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Lyndon B. Johnson: Remarks to State Governors After President Kennedy's Funeral.
Lyndon
Lyndon B. Johnson
8 - Remarks to State Governors After President Kennedy's Funeral.
November 25, 1963
Public Papers of the Presidents
Lyndon B. Johnson<br>1963-64: Book I
Lyndon B. Johnson
1963-64: Book I
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Gentlemen:

I want to tell you how deeply I feel in your debt for not only your coming to Washington on this tragic occasion but for your being so understanding of me and being willing to come here and visit with me this evening.

I am sorry I am late. General de Gaulle had to return to Paris. He has had a long day of it and he is flying back tonight. We talked a little longer than I anticipated. Even then we did not finish, so we have another meeting set up for early in the year when he comes back to this country.

Prime Minister Ikeda of Japan was among the cabinet ministers who were en route between Honolulu and Tokyo when they got word of the assassination of the President. They had to turn around and come back, and they had to make a few explanations there.

Canada is such a close neighbor and such a good neighbor that we always have plenty of problems there. They are kind of like problems in the hometown.

So, I am later than I expected to be, and I apologize for delaying you.

Circumstances over which I had no control brought me into this position that I occupy tonight. The difficulties and the tribulations are great, and this is the time when our whole system could go awry, not just the Republican Party and the Democratic Party but the American system of Government.

From the standpoint of population, we have less people than the Soviet Union. From the standpoint of resources, in many respects she has greater resources than we have. She has 8,600,000 tillable acres of land while we have 3 million. She has 208 million people while we have 180 million people. She has greater water resources and greater potential oil and power, but the thing that is really to determine whether we win or lose in this struggle of philosophies is how well our system works. We think we have the best system.

We think that where a capitalist can put up a dollar, he can get a return on it. A manager can get up early to work and with money and men he can build a better mousetrap. A laborer who is worthy of his hire stands a chance of getting attention and maybe a little profit-sharing system, and the highest minimum wages of any nation in the world.

Those three together combine to give us the end product that we call free enterprise.

I think continuity without confusion has got to be our password and has to be the key to our system. For that reason, I am going to address the Congress on Wednesday. That is the earliest day that they could receive me and I could meet these 70-80 heads of state who have come here from all over the world.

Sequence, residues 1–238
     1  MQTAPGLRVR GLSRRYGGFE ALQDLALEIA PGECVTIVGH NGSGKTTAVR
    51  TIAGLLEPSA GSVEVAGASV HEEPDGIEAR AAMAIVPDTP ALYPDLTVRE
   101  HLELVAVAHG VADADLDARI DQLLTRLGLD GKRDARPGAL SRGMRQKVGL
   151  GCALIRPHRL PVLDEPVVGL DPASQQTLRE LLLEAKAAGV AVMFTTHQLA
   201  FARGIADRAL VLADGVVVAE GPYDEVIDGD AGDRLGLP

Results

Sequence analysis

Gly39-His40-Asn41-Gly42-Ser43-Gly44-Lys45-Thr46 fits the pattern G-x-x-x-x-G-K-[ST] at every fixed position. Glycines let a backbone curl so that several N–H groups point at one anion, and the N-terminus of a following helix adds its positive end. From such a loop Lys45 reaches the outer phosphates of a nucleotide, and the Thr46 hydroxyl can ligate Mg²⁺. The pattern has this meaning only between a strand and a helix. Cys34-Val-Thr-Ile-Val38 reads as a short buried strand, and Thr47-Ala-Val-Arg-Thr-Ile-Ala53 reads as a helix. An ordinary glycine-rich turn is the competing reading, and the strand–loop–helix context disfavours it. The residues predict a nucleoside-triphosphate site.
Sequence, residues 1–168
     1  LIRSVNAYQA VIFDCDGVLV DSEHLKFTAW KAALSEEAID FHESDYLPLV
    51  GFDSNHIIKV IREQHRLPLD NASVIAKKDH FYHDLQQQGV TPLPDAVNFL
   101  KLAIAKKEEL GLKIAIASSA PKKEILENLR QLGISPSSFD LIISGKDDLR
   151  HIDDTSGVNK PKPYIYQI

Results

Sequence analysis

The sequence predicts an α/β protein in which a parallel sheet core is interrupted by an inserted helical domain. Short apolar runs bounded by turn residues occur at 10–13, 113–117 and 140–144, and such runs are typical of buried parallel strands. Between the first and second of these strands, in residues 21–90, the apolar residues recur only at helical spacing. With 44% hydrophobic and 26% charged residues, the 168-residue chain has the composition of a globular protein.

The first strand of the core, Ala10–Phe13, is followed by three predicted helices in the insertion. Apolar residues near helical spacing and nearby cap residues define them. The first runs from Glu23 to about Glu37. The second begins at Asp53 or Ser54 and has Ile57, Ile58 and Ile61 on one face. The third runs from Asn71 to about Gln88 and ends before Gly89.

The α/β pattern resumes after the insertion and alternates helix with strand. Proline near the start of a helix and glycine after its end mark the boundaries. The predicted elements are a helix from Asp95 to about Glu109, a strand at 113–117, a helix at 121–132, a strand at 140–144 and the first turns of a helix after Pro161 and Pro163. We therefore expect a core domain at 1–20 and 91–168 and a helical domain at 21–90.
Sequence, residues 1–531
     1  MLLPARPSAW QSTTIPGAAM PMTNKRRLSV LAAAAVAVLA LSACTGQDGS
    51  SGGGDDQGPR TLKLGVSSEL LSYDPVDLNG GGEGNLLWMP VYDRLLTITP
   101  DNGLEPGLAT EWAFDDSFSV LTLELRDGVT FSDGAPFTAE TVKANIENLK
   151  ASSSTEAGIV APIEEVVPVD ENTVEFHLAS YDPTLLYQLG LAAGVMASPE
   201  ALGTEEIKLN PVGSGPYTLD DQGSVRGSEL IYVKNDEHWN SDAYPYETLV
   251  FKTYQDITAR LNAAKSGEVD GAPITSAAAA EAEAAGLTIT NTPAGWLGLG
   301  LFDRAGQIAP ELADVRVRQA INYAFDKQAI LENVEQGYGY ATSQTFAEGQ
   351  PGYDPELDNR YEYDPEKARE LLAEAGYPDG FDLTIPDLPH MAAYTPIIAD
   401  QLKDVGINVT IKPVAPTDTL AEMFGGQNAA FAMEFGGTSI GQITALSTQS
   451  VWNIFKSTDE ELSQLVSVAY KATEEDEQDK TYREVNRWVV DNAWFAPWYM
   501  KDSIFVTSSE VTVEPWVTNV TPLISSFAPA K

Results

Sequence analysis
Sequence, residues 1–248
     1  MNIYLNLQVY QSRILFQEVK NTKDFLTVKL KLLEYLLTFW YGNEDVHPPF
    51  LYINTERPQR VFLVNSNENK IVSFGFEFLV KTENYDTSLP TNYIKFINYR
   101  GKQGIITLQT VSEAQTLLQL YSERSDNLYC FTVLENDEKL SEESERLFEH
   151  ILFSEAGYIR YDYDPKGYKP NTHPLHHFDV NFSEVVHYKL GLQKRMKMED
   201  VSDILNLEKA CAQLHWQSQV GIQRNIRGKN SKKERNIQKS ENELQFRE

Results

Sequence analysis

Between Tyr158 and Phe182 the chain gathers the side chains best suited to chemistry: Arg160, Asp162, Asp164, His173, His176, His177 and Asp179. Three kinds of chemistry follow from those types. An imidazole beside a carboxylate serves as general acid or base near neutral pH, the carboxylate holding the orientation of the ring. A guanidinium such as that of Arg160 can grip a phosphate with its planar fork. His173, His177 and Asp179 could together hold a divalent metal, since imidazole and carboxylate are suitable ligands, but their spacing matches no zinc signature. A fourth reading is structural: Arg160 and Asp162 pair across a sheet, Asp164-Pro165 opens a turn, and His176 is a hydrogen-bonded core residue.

I am going to tell that Congress that we intend to honor the commitments we have made at home and abroad, and I am going to tell them I understand my own limitations, but I am going to do the best I can with your help and God's.

[Excerpt of further remarks as released by the White House]

We live under a system of checks and balances. We do so because our Founding Fathers figured properly that the only sure method of preventing tyranny was a political system in which no one person or no one group of persons can have power without limitations.

The Congress, the Executive, and the courts all have powers to check each other. This is taken for granted so completely that every schoolboy knows about our "tripartite system of government." But what is not realized as commonly is that there is another check--the division of our government into Federal, State, and local systems. Each level of government has proper responsibilities and proper prerogatives. And our democracy is richer and more enduring because of this division.

However, there is one point that must always be borne in mind. It is that a government by checks and balances will work only when people are willing to cooperate and work together for the common good. If they insist on glaring at each other, refusing to work together, and standing firmly on prerogatives and forgetting responsibilities, the Nation will quickly be paralyzed.

For these reasons, I consider it vitally important to ask for your help. I want you to cooperate. I need your heart and your hand. Our country has suffered a grievous shock. The transition while a term is still going on is always a difficult test for democracy. It is doubly difficult in these days of quick decisions on matters that involve the fate of humanity.

I hope to keep in constant touch with you. My permanent purpose is to maintain the fabric of your Nation intact and in the days that lie ahead I hope to work with you to this end.


Note: The President spoke at 8:30 p.m. in his temporary office in the Executive Office Building to the group of Governors who were in Washington to attend the funeral of President Kennedy.
Citation: Lyndon B. Johnson: "Remarks to State Governors After President Kennedy's Funeral.," November 25, 1963. Online by Gerhard Peters and John T. Woolley, The American Presidency Project. http://www.presidency.ucsb.edu/ws/?pid=26753.
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